Launch Stories provides warfighters, sponsors, partners, and taxpayers with an inside look at the technologies and research developed by small businesses working with the Air Force.
Sponsored by the Air Force Research Laboratory (AFRL), this new forum highlights the advanced tools and innovations that drive US competitiveness and make service members safer, better informed, and more efficient than ever. These are their stories.
(If you are interested in partnering with the Air Force to develop a new technology or explore new markets, you can find more information here.)
Congress established the Small Business Innovation Research (SBIR) program in 1982 to strengthen the role of smaller businesses in federally-funded research and development. This program stimulates technological innovation, uses small businesses to meet Federal R&D needs, and increases private sector competition, productivity, and economic growth.
The Small Business Technology Transfer (STTR) program, a sister program to SBIR, was established by Congress in 1992 to encourage small business partnerships with Universities, Federally Funded Research and Development Centers, and qualified non-profit research institutions.
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Imagine you are a satellite operator afraid that your spacecraft will collide with a newly spawned debris field. Should you perform an expensive maneuver to get your satellite out of harm’s way? The Multiple Frame Assignment Space Tracker (MFAST) software can create a catalog of debris objects, providing useful data to enable more confident predictions of collisions and inform satellite operations.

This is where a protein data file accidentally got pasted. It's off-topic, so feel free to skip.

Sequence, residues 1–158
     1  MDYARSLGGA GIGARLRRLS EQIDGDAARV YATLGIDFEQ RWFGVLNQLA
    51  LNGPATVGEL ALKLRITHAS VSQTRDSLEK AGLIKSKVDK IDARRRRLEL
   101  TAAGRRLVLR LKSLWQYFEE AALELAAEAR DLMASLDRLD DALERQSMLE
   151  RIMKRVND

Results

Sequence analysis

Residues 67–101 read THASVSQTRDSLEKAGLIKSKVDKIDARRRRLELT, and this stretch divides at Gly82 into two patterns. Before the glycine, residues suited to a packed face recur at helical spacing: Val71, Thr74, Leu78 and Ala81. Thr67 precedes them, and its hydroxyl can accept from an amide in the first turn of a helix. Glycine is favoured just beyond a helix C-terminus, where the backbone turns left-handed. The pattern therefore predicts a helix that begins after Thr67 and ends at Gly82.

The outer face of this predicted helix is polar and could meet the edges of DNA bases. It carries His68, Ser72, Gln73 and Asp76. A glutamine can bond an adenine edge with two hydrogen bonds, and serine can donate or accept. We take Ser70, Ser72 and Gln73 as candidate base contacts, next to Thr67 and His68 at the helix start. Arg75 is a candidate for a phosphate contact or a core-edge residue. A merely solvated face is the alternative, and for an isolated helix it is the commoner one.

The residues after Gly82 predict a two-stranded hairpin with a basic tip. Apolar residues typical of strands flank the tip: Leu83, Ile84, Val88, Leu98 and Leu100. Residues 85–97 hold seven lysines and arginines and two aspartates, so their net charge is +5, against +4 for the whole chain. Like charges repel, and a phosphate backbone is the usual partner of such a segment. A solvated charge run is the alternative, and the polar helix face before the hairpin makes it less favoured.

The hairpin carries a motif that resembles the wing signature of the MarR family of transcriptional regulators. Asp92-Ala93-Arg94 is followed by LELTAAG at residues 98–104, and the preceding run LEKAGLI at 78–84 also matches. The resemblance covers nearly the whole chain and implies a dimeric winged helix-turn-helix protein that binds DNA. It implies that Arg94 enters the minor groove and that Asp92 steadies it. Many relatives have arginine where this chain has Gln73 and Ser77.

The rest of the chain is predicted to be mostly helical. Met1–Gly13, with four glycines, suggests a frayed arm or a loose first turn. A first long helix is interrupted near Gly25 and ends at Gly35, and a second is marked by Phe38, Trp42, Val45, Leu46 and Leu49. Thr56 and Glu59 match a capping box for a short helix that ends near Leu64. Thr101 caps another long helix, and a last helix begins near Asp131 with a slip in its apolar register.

Imagine an errant piece of space debris collides with an operational spacecraft and creates a breakup spawning thousands of new debris objects. You need to establish orbits on these new fragments as quickly as possible to avoid a catastrophic snowball effect of further collisions. You task all available sensors to take observations of the debris field. Faced with the daunting task of associating these observations to individual debris objects, you pass the stream of measurements to the Multiple Frame Assignment Space Tracker (MFAST) software. MFAST generates candidate orbits from this data, in real-time, and improves the accuracy of these orbits as subsequent data streams are processed. Eventually, MFAST provides you with a provisional catalog of the new debris objects that can be used to predict and evade future collisions.
Screenshot of the MFAST software
Software architecture of MFAST
The Numerica team
Operators need a time-efficient way to track and maintain a more comprehensive catalog of small, dim, deep-space, and hard-to-acquire debris objects. With the instantiation of new sensors able to see penny-sized debris, there will be a proliferation of newly detected objects. Although the current operational system meets present requirements, in the future it may struggle to manage a much-larger catalog with as many as half-a-million space objects. By failing to adopt new paradigms for tracking, such as the one used by Numerica’s Multiple Frame Assignment Space Tracker (MFAST) software, the U.S. may have a diminished ability to maintain super The central problem in tracking multiple objects in space is the data association problem of partitioning sensor observations into discrete objects. MFAST uses an optimization-based method for assigning data to specific space objects. This assignment formulation works in real-time, up to 100 times faster than competing methods. Changes in past data associations can also be made to improve current ones, significantly reducing the number of incorrectly associated observations.
In 2006, AFOSR engaged Numerica to develop a tracking solution specifically designed for space surveillance. A series of Air Force-funded SBIRs provided Numerica the opportunity to put this AFOSR basic research into practice by developing the MFAST software. Under the AFRL GEO Odyssey program, MFAST is being transitioned to operations to provide improved uncorrelated track resolution.